THE BIG RUNS
The Eagles entered Sunday’s game ranked 13th in opponent rush average (4.1). But in the previous five games, only the Baltimore Ravens had given up fewer yards per carry than the Eagles (3.2).
The Redskins, who rushed for 230 yards against the Eagles in Week 6, had only 107 Sunday. But 47 of them came on two long scoring runs. It’s the first time this season the Eagles have given up more than one rushing touchdown in a game.
The first was a 22-yard touchdown run by rookie Robert Kelley in the second quarter that put the Redskins up, 7-6. The second was a 25-yard scoring run by Chris Thompson with 1:53 left in the game that put the Redskins in front for good.
Kelley’s TD came on a run up the middle that took advantage of the Eagles’ lack of defensive line depth. Right guard Brandon Scherff slanted across and took out backup tackle Destiny Vaeao. Tight end Vernon Davis easily stood up end Marcus Smith, which allowed Kelley to get to the second level.
If all the Eagles had been where they were supposed to be, Kelley should’ve been stopped after a 7- or 8-yard gain. But they weren’t.
Middle linebacker Jordan Hicks appeared to read the play wrong and was out of his gap, leaving a huge hole for Kelley, who then bounced outside around cornerback Nolan Carroll and raced into the end zone.
Safety Rodney McLeod didn’t lay a hand on him until he was at the 1-yard line.
Thompson’s fourth-quarter run was the real killer. It came right after the Eagles had taken a 22-21 lead on Caleb Sturgis’ third field goal of the game with 4:59 left.
It was a misdirection toss play to the left off a fake jet sweep to the right by DeSean Jackson. Right end Vinny Curry actually got penetration and was able to get a hand on Thompson in the backfield before he headed for the corner, but was unable to make a play.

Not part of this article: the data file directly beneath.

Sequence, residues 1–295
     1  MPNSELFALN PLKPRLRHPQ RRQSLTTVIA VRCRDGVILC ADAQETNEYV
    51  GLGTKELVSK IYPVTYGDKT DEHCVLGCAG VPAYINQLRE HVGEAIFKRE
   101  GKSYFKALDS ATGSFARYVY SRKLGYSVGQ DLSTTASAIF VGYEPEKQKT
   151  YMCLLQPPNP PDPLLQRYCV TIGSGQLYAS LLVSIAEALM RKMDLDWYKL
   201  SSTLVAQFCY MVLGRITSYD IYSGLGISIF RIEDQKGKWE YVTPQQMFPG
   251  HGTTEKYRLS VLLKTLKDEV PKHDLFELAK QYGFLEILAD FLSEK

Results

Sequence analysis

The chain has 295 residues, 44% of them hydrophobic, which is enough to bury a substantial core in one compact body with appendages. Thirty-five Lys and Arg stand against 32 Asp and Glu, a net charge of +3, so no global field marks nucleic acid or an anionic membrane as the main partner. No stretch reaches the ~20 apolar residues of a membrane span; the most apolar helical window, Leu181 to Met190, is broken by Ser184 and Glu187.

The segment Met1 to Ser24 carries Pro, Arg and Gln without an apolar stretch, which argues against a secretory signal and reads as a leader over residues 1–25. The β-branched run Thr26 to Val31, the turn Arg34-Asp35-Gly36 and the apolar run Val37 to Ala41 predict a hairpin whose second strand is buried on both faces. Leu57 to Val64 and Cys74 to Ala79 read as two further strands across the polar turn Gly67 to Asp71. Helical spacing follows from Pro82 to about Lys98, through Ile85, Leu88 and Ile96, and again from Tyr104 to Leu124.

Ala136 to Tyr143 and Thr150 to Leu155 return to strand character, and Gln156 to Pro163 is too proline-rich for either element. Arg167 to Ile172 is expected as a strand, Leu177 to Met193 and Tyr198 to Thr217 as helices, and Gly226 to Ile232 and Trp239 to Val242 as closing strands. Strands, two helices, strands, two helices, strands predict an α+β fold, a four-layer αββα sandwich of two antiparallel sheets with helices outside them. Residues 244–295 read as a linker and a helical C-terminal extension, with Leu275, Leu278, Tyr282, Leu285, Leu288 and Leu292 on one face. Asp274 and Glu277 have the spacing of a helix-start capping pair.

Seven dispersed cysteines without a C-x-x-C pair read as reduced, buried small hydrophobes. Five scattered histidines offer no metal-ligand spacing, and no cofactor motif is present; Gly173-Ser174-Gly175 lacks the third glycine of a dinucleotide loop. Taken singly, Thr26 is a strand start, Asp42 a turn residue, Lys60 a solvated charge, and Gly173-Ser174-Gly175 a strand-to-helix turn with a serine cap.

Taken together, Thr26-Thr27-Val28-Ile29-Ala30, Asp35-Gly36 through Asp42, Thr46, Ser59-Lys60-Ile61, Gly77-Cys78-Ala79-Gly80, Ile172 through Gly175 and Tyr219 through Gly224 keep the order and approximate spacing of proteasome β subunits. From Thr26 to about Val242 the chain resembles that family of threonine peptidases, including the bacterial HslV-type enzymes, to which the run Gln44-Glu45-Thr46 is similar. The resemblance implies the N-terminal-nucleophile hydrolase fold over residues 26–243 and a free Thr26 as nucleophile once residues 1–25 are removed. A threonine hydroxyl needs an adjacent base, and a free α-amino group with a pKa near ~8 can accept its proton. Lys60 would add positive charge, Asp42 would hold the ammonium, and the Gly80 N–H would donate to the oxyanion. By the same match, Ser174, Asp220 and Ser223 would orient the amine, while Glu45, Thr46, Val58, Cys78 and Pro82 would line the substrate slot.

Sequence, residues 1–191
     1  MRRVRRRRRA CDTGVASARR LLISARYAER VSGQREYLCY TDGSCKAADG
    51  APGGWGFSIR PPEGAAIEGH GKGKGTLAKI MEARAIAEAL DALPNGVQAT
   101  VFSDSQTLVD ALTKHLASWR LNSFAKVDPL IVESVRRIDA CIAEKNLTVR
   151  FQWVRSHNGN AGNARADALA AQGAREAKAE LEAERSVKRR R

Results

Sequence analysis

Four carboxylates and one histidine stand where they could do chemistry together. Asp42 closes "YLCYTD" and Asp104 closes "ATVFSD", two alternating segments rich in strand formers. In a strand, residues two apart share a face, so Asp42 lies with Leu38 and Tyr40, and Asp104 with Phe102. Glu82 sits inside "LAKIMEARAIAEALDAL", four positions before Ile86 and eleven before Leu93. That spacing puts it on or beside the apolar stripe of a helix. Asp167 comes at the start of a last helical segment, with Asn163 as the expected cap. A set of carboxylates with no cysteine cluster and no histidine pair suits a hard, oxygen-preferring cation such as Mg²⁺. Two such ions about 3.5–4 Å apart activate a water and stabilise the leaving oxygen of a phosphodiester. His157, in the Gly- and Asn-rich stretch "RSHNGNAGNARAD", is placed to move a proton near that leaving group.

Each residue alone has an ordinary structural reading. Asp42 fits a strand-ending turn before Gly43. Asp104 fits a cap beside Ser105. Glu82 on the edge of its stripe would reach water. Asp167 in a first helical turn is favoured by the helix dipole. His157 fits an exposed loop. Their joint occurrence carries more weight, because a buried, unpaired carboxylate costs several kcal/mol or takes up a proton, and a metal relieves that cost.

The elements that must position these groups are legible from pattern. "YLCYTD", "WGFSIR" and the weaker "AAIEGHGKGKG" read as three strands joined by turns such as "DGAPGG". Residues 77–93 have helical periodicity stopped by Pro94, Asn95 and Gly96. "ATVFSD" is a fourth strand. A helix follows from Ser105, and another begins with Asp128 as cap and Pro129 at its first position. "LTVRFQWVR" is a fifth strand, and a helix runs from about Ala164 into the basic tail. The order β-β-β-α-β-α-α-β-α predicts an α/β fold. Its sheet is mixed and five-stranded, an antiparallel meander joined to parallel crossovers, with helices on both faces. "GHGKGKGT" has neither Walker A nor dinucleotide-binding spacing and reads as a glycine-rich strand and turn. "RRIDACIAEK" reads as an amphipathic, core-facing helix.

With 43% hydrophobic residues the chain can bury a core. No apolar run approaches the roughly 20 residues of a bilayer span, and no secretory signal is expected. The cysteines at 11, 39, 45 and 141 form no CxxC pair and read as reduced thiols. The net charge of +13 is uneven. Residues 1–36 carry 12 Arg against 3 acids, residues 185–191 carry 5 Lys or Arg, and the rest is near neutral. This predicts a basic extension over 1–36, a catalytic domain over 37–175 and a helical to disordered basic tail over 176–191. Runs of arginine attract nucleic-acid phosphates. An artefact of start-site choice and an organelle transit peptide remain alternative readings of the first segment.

Neither of the safeties was in position to make a play. Malcolm Jenkins had blitzed from the other side, and Rodney McLeod bit on the fake jet sweep. Cornerback Nolan Carroll, who was in man coverage on Jackson, followed him across the formation when he went in motion. Linebackers Hicks and Nigel Bradham got stuck in traffic.
The only player left to stop Thompson after he turned the corner was cornerback Jalen Mills. But the Redskins running back had left tackle Trent Williams as an escort. Williams easily disposed of Mills, leaving a clear path to the end zone for Thompson.
The Eagles have given up 10 run plays of 20 yards or more this season. That’s the fifth most in the league.
The Eagles converted just one of four red-zone opportunities into a touchdown. Even worse, they scored just three points off their other three trips inside the Washington 20.
They drove 77 yards to the Washington 3 on their second possession of the game, only to come up empty when Carson Wentz’s pass for tight end Zach Ertz was picked off by safety Deshazor Everett. Remarkably, it was Wentz’s first red-zone interception of the season in 71 attempts.
In the second quarter, they drove to the Washington 13 and were going to go for it on a fourth and 3 when right tackle Jason Peters was flagged for his ninth false-start penalty of the season. That forced the Eagles to settle for a Caleb Sturgis field goal.
Their final failed red-zone trip came on their last possession. After the Redskins took a five-point lead on Thompson’s touchdown, the Eagles drove from their own 25 to the Washington 14, only to come up empty. Redskins linebacker Ryan Kerrigan beat backup right tackle Matt Tobin around the edge and forced a Wentz fumble. The interception and the fumble were the Eagles’ first two red-zone turnovers this season.